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Secretary Of State Says He's Confident In The Steps Taken To Avoid Voter Fraud In Vermont

Toby Talbot
With less then a week to go, Secretary Of State Jim Condos says he's confident in the steps the state has taken to avoid voter fraud in Vermont.

As Vermonters get ready to go to the polls next week, Secretary of State Jim Condos says he's confident in the steps that the state has taken to protect the process against voter fraud.

Condos, who is running for his fourth term in office this election, says all signs are pointing to heavy turnout on Tuesday. Requests for early ballots are up and Vermont has a record number of people registered to vote.

But the biggest factor according to Condos is the strong interest in the races for president, governor and lieutenant governor.

"Just those three races alone will probably generate a lot of activity," says Condos. "I know that the major parties are also working to get out their voters so I suspect that we will see fairly heavy turnout this year."

Condos says concerns about voter fraud have surfaced in the race for president but he thinks his office has taken a number of steps to deal with this problem in Vermont.

"That's not to say we can't be hacked — you can always be hacked — and the question is have you been proactive and taken every step available to prevent that from happening." — Secretary Of State Jim Condos

Part of this preparation includes having the Department of Homeland Security conduct two cyber risk assessments of the state's election system.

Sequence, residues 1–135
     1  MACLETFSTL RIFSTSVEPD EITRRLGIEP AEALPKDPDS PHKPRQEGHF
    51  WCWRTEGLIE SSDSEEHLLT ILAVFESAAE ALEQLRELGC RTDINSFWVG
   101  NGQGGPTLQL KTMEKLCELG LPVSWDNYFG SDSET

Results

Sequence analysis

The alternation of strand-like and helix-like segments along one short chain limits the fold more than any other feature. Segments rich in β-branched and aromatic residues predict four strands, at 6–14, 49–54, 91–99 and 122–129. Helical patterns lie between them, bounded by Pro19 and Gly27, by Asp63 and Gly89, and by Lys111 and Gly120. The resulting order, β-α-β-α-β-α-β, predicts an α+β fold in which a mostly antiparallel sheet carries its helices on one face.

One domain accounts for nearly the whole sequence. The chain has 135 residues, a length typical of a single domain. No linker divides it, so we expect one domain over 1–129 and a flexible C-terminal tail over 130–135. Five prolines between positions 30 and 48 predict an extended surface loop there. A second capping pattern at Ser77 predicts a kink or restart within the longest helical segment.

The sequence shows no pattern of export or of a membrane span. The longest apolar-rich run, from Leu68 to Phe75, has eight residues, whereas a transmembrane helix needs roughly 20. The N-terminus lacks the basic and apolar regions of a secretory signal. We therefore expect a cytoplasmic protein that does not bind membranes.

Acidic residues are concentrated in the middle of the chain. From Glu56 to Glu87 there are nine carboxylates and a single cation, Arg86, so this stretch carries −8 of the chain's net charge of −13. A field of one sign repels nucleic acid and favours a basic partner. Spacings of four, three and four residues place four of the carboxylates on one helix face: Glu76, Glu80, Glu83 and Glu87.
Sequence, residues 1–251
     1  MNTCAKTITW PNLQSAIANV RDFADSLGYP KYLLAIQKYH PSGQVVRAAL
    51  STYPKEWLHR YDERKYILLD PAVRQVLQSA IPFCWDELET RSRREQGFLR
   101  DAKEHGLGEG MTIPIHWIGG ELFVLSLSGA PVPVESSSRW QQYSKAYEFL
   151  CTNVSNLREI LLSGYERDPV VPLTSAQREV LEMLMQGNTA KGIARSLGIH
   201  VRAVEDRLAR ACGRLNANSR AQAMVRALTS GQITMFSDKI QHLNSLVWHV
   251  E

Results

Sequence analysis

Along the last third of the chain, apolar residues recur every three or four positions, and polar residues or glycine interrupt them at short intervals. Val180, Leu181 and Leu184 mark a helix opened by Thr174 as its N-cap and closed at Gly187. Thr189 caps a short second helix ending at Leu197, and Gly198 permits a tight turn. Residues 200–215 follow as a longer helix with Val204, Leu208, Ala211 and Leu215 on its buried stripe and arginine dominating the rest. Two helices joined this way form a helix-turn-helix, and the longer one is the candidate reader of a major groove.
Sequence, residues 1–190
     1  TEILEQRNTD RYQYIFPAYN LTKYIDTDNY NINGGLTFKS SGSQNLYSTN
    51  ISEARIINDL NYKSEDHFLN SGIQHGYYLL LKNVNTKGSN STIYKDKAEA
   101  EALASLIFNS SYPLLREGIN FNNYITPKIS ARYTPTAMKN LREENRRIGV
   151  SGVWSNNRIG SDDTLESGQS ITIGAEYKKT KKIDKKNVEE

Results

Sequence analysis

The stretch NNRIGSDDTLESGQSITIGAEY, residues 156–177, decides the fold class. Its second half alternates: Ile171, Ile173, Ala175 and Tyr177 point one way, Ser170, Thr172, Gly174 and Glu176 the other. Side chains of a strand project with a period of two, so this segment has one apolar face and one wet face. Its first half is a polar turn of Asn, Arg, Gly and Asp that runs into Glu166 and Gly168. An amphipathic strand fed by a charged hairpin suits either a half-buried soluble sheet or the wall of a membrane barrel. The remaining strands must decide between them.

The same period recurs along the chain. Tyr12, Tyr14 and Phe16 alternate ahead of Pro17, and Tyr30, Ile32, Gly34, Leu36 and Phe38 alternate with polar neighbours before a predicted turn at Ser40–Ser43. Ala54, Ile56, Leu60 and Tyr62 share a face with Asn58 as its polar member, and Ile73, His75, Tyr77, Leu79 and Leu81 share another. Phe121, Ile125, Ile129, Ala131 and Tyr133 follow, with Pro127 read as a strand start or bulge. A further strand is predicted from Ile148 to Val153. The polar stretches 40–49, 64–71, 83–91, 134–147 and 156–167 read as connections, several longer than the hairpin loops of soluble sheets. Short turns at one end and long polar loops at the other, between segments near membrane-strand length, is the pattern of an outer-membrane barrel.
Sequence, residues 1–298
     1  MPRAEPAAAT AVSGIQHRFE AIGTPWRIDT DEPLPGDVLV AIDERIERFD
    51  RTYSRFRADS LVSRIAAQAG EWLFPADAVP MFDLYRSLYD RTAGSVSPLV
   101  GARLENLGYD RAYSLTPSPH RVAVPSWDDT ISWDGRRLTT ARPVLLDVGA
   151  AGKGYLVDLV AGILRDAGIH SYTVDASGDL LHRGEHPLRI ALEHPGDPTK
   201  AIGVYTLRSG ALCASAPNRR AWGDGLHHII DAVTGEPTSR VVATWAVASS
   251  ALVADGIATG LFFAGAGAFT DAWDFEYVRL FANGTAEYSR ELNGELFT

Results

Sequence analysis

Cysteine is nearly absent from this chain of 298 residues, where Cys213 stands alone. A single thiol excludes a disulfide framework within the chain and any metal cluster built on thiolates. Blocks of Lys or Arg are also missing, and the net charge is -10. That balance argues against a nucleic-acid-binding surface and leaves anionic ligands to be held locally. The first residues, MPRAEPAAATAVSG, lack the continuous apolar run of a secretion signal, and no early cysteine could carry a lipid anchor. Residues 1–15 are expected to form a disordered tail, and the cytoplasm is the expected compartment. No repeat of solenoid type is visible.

"We are in really good shape so we feel strong, we feel confident," Condos says. "That's not to say we can't be hacked — you can always be hacked — and the question is have you been proactive and taken every step available to prevent that from happening."

Condos says it's very hard to hack into local voting machines because they aren't connected to the internet. And he says the optical scan tabulators that are used in many towns have an excellent track record for accuracy.

It's Time To Vote, Vermont. Here's Your Last-Minute Guide

"We've never had a problem and these machines have been in use in Vermont, most of them are in the last ten years, but we've had them in some cases for probably close to 20 years," he says. "And we've never had a problem with them."

Will Senning is Vermont's director of elections. He says political parties are allowed to have two representatives at each voting location as poll watchers. But he says there are only two reasons why these party officials can challenge a person who wants to vote.

"That being that either the person is not, in fact, the person whose name appears on the checklists," he explains, "that would be for somebody trying to engage in in-person voter fraud, as they call it, or that the person has previously voted."

Senning says voter registration for next week's election will close at 5 p.m. Wednesday, Nov. 2.

He says all town clerks will be open until the deadline to sign up any last-minute voters.

To check your voting status, poll location and more, visit the Vermont Secretary of State's "My Voter Page."

Bob Kinzel has been covering the Vermont Statehouse since 1981 — longer than any continuously serving member of the Legislature. With his wealth of institutional knowledge, he answers your questions on our series, "Ask Bob."
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